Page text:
IL-1β promotes ADAMTS-4 and ADAMTS-5 expression through activation of NF-κB signaling
To determine whether NF-κB signaling is required for the cytokine-dependent induction of ADAMTS-4 and ADAMTS-5 in human NP cells, we first evaluated the activation of NF-κB signaling pathways after treatment with IL-1β. After treatment with IL-1β, there was a rapid increase in p65 nucleoprotein levels (Fig. 5a). To ascertain whether the IL-1β-induced expression of ADAMTS-4 and ADAMTS-5 requires NF-κB signaling, human NP cells were pretreated with pathway-specific inhibitors. Pretreatment caused a significant suppression in the IL-1β induction of both ADAMTS-4 and ADAMTS-5 mRNA levels (Fig. 6a, b). Similarly, a pronounced decrease in the IL-1β-mediated increase in the levels of the ADAMTS-4 and ADAMTS-5 protein was seen in the presence of NF-κB pathway inhibitors (Fig. 5b). Importantly, we examined the effect of ADAMTS-4 and ADAMTS-5 expression on aggrecan degradation in human NP cells. Suppression of ADAMTS-4 and ADAMTS-5 expression resulted in a significant inhibition of IL-1β-mediated aggrecan degradation in human NP cells (Figs. 5b and 6c).
Both ADAMTS-4 and ADAMTS-5 contribute to IL-1β-induced aggrecan degradation in human NP Cells
Given that IL-1β regulates ADAMTS-4 and ADAMTS-5 expression using NF-κB signaling pathways, we performed lentiviral-mediated gene silencing studies. We first silenced the expression of NF-κB p65 and then measured ADAMTS-4 and ADAMTS-5 expression in human NP cells. In human NP cells transduced with plasmid shp65, there was a significant decrease in the mRNA levels of p65, compared with cells transduced with control shRNA (Fig. 7a). Importantly, suppression of the NF-κB p65 component significantly blocked the inductive effect of IL-1β on the expression of ADAMTS-4 and ADAMTS-5 protein and mRNA levels, as well as aggrecan degradation (Fig. 7b, c and Fig. 8).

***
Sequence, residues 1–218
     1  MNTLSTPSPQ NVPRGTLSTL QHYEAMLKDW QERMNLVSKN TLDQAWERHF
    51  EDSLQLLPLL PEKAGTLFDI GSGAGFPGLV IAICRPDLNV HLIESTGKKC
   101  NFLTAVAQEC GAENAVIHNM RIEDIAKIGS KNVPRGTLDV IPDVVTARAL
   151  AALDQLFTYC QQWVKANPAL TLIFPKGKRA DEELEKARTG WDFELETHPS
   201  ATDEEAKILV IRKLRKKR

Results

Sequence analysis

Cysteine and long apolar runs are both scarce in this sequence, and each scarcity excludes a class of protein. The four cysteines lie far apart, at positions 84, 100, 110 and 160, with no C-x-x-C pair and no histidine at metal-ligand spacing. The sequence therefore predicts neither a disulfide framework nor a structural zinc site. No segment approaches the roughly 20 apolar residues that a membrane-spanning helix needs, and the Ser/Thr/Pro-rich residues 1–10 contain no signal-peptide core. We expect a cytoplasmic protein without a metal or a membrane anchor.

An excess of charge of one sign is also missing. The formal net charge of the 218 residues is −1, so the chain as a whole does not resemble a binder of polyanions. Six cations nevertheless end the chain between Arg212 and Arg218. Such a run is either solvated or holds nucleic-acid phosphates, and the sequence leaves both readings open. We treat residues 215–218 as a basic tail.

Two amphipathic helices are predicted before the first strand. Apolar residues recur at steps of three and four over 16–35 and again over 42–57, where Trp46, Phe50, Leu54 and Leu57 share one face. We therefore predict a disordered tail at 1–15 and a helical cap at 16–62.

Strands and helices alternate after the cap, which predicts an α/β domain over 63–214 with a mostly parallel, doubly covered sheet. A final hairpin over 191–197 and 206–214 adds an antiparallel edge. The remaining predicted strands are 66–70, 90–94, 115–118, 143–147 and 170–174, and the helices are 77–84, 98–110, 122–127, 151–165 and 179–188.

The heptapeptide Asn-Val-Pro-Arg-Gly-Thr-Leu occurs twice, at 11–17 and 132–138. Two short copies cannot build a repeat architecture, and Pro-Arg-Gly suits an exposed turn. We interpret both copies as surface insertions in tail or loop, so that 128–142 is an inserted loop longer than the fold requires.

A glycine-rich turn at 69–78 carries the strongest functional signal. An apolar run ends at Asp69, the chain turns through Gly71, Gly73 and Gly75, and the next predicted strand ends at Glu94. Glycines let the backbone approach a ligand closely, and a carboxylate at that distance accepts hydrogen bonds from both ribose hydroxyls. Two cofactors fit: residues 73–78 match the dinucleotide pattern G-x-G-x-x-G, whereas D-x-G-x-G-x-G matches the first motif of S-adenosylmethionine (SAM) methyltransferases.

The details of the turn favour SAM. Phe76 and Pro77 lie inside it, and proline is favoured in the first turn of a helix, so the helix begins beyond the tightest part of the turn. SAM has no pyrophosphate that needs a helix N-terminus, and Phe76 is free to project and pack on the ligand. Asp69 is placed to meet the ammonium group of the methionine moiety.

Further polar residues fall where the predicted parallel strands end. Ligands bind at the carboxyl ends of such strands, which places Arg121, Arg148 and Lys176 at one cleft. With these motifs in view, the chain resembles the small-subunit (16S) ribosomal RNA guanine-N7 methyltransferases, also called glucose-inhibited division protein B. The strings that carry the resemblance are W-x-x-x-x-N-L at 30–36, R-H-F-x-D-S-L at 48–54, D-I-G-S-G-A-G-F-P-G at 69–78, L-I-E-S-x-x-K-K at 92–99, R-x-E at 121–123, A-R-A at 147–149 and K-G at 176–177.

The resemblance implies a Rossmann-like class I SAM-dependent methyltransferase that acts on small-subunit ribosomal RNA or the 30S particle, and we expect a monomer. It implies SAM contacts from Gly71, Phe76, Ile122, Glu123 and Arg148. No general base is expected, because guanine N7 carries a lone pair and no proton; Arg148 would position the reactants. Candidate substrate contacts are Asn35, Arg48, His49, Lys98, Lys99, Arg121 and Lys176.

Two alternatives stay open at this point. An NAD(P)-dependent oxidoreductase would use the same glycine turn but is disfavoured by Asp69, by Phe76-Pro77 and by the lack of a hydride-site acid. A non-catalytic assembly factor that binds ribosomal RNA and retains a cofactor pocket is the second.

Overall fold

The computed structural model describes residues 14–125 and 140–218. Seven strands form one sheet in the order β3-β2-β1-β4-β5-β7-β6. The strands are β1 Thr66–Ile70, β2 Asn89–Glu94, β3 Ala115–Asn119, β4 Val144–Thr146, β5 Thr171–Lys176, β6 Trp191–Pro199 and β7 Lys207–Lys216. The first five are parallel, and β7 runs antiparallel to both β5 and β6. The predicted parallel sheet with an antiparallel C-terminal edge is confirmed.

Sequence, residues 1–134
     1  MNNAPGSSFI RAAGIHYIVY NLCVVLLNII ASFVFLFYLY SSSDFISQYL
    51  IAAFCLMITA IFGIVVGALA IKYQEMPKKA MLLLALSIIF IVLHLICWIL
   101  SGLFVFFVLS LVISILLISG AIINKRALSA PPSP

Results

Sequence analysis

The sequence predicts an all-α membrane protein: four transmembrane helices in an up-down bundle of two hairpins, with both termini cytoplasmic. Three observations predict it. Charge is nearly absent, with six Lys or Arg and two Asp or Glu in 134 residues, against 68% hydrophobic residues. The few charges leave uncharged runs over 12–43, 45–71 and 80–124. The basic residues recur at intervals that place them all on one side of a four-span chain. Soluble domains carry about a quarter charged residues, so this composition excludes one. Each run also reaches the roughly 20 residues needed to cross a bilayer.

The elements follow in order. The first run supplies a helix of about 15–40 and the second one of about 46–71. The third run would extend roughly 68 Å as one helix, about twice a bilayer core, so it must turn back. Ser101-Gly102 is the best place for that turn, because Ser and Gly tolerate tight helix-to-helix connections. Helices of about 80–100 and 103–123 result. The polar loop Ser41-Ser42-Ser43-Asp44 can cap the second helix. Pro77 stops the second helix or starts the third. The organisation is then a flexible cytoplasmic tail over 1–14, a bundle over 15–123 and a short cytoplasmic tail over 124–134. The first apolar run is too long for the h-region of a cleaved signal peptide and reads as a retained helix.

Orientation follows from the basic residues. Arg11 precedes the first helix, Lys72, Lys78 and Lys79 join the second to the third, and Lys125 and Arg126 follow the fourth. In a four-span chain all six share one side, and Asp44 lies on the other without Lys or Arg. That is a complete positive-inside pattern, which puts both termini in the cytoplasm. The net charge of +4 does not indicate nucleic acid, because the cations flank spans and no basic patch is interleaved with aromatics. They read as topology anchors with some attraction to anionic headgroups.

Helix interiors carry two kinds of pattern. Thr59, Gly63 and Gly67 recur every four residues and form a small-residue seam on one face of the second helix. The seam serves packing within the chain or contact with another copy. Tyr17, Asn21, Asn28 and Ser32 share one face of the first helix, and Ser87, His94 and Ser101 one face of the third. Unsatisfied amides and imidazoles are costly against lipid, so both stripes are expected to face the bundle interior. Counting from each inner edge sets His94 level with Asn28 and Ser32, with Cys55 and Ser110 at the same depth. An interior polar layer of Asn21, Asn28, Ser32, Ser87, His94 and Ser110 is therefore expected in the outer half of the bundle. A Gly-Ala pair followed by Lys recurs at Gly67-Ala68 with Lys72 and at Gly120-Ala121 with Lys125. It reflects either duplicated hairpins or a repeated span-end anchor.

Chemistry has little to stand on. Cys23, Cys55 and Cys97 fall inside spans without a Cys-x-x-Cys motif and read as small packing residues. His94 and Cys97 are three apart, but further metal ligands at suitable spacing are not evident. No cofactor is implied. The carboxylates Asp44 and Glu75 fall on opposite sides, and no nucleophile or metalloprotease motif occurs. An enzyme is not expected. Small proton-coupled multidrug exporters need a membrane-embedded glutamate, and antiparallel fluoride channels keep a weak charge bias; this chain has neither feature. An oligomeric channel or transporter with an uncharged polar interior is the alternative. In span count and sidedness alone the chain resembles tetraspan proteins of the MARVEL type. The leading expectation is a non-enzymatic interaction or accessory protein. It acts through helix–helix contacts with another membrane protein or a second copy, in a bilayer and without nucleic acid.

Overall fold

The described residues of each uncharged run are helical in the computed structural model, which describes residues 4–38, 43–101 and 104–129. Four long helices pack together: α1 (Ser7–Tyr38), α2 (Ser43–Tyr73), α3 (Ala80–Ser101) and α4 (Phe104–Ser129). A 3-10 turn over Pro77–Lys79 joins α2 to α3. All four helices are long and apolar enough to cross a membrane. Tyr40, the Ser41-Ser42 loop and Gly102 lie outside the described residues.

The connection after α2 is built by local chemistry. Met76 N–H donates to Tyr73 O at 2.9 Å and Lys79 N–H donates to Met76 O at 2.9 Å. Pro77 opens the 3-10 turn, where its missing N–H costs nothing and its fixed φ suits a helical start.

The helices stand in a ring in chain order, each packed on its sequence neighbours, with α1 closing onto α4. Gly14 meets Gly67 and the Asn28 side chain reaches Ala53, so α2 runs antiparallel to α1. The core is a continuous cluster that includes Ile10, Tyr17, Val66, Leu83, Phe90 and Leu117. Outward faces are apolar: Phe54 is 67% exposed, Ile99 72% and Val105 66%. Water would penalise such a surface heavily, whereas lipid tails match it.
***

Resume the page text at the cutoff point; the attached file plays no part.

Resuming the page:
The experiments described in this investigation demonstrated for the first time that expression of ADAMTS-4 and ADAMTS-5, two important enzymes concerned with aggrecan degradation, is regulated by the inflammatory cytokine IL-1β through the NF-κB signaling pathways in human NP cells. A second major observation is that, by regulating ADAMTS-4 and ADAMTS-5 expression and activity, IL-1β controlled aggrecan turnover. Importantly, both ADAMTS-4 and ADAMTS-5 were required for the cytokine-dependent aggrecan degradation in human NP cells, and their function appears to be non-redundant, suggesting a possible role in intervertebral disc pathologies.